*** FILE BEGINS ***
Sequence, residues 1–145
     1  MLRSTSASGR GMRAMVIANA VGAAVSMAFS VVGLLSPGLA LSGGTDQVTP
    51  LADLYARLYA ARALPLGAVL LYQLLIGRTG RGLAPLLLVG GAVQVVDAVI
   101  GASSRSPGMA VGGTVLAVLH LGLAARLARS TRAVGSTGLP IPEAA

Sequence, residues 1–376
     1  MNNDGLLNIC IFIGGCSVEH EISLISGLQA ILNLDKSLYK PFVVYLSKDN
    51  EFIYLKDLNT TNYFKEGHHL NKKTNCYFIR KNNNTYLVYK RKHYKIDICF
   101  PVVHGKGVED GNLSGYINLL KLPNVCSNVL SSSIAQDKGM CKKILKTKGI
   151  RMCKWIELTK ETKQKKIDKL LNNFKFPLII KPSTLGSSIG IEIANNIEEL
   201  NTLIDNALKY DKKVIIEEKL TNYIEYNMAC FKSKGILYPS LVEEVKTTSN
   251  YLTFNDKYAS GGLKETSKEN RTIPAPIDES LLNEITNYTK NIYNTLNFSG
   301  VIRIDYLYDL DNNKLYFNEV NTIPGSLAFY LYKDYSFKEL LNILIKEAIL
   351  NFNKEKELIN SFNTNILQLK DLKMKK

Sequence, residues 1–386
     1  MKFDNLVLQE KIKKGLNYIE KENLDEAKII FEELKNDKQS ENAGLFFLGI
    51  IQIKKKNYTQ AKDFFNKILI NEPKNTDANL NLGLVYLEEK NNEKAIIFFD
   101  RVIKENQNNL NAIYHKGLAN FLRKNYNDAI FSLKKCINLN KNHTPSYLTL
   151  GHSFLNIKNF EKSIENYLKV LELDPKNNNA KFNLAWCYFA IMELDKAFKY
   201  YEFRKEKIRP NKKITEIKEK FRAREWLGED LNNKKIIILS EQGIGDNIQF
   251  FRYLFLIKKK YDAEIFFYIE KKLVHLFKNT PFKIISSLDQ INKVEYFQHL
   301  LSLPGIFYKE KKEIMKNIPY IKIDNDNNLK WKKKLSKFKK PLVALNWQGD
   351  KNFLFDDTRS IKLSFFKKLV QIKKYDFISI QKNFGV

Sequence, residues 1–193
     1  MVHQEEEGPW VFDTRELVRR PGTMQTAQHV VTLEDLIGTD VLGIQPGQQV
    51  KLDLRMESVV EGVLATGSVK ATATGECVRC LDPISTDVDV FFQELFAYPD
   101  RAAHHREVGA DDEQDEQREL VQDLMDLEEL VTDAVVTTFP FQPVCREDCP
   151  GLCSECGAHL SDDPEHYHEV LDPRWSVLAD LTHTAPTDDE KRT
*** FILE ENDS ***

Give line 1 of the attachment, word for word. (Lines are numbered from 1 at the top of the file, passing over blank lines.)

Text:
Sequence, residues 1–145